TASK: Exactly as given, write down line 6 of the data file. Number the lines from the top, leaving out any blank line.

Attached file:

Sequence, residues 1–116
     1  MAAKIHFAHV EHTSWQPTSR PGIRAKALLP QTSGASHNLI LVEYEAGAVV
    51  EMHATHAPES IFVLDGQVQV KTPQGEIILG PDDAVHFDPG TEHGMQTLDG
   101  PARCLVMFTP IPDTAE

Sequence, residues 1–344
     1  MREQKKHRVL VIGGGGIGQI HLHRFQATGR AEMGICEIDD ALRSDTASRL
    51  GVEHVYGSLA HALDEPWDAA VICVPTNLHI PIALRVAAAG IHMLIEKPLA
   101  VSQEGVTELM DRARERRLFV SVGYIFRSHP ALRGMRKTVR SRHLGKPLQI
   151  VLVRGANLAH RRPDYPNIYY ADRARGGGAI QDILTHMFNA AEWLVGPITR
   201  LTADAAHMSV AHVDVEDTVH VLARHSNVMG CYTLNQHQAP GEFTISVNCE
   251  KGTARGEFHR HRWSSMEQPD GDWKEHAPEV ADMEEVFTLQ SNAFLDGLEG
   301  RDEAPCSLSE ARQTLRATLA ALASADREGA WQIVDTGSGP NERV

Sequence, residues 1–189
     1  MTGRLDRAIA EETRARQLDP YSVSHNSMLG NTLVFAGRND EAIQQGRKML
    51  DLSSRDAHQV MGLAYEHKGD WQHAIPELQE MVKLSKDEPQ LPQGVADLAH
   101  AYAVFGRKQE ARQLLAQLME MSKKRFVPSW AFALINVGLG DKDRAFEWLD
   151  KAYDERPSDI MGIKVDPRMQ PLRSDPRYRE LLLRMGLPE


     1  MREQKKHRVL VIGGGGIGQI HLHRFQATGR AEMGICEIDD ALRSDTASRL